A: While we are continuing to honour the agreement with the PPTA, we would additionally welcome any clarification about the legal status of employment-based initial teacher education programmes. Since the ERA ruling, there has been a degree of uncertainty for our partner schools and Teach First NZ participants, and we would welcome any move to formally clarify the rules and regulations related to their appointment and employment. If any such legislation were to pass, we plan to get back around the table with the PPTA, look at what the legislation says, and figure out together a way forward that will address any remaining concerns.


Q: Presumably high-achieving graduates in other areas typically don’t initially have their sights set on teaching (otherwise they would have likely studied teacher education). What do you think draws these graduates to teaching?

A: More than half of Teach First NZ participants have said they wouldn’t have considered entering teaching through other more traditional pathways. Many of our participants tell us that the clearly articulated Teach First NZ vision grabs their interest from the outset, and they are also attracted by the practicalities of the programme (high challenge, intensive training, in-school support, leadership development), and that it is a scholarship/bonded programme.


Q: I understand the Teach First NZ programme is very competitive with only around seven per cent of applicants accepted. Why is the bar set so high for entry into the programme? Are there plans to expand the number of places?

A: The bar is high because the programme is very tough! We make no apologies for selecting only the best and the brightest, particularly because the programme is employment-based and our participants are acting as teacher of record in their schools. The Teach First NZ programme is driven by school demand, which continues to be strong, and as such we are currently evaluating options to increase the impact of the programme through expanding the number of places.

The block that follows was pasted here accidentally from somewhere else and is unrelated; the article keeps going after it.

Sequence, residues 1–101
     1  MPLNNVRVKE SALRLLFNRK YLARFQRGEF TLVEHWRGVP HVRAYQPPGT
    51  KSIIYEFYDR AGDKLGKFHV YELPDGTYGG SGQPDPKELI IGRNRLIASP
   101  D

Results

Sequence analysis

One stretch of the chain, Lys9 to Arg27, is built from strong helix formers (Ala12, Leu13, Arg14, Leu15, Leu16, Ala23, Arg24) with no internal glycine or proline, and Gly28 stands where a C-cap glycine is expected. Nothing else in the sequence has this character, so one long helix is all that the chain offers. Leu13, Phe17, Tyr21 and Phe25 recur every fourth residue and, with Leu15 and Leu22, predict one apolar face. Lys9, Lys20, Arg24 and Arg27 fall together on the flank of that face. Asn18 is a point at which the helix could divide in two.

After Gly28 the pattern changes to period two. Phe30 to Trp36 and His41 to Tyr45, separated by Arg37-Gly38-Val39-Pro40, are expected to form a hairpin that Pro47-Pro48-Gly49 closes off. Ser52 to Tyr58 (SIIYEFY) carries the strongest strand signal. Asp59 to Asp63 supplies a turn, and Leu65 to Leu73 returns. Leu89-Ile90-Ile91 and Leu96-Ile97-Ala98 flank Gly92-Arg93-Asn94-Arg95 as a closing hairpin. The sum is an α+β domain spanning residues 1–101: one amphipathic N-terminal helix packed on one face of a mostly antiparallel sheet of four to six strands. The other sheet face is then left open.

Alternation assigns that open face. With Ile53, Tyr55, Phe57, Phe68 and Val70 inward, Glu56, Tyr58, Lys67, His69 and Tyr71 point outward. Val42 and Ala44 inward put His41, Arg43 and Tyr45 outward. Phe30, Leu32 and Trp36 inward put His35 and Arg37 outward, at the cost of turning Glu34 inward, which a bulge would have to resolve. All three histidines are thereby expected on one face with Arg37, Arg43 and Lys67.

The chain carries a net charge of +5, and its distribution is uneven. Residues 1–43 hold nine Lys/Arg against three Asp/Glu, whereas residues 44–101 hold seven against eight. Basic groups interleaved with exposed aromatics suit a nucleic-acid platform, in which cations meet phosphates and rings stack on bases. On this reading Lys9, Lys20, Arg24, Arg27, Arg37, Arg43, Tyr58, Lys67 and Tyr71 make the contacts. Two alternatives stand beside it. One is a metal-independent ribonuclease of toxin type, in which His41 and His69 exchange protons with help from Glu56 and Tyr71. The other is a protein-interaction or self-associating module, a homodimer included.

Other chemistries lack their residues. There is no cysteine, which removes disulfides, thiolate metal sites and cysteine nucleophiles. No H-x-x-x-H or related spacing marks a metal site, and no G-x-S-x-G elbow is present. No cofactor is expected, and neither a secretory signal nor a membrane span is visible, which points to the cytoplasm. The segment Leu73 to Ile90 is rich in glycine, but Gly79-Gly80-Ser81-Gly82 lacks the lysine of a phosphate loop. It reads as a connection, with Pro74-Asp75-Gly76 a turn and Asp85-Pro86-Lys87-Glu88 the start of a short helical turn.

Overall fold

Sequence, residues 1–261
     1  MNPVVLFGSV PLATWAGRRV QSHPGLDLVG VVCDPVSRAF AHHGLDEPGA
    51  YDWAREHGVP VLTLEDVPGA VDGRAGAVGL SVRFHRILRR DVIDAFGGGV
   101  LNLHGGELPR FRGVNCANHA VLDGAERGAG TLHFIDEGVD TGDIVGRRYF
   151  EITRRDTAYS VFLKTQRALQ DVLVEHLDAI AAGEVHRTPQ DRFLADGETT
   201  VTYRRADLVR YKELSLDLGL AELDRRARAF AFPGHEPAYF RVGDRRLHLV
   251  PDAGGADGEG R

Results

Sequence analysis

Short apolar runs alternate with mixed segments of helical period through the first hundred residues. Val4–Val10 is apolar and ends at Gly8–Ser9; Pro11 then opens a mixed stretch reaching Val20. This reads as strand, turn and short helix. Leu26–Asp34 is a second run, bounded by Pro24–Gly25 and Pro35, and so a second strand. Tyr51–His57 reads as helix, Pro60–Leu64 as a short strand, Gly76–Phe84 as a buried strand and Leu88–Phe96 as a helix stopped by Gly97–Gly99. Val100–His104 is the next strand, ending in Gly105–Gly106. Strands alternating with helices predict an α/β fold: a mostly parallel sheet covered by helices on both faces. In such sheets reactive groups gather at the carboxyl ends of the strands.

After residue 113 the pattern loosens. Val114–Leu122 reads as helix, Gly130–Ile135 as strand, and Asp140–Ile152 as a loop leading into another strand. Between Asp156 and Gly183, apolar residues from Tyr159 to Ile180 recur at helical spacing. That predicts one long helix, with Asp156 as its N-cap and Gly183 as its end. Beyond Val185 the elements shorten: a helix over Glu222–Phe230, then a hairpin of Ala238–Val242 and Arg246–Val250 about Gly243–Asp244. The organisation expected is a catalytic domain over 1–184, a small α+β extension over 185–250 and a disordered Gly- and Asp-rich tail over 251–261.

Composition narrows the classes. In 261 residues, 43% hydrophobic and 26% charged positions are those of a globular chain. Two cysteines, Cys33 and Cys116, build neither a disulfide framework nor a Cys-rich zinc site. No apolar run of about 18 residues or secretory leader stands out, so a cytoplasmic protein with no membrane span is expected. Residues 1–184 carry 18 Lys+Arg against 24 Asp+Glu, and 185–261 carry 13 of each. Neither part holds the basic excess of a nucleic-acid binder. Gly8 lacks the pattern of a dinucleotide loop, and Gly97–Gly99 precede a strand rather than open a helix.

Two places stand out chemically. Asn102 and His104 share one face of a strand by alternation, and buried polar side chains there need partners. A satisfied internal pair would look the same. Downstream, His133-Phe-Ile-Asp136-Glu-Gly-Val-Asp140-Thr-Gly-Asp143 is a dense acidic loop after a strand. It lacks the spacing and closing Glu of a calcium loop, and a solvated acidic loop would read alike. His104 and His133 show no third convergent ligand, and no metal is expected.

Q: How closely is the Teach First NZ programme aligned with other Teach First programmes around the world? Is there much collaboration between countries?

A: All Teach First programmes globally are independently managed, governed, and financed, but we are aligned in some ways with Teach First in the UK and Teach For Australia. Teach First programmes around the world share with each other our research findings and best practice through the global Teach For All network, and we were fortunate to have the opportunity to host the annual Teach For All Global Conference last year in Auckland.


Q: What are the biggest challenges you face leading Teach First NZ?

A: Our biggest challenge is how to position the programme to enable more top graduates to apply to join. We know that Teach First NZ offers incredible training and leadership development to those lucky enough to secure a place, but marketing this to a fluid pool of graduates who have many other opportunities is challenging, particularly in an environment where teaching has a relatively low status.


Q: What is your overarching vision for the organisation?

A: If we are truly going to help ‘move the needle’ of education success in New Zealand, our growing community of partner schools, universities, participants, alumni, policy makers, and even actors from other sectors such as business, need to come together united in will and desire to work to make teaching, particularly teaching in low decile schools, a top graduate choice for our best and brightest.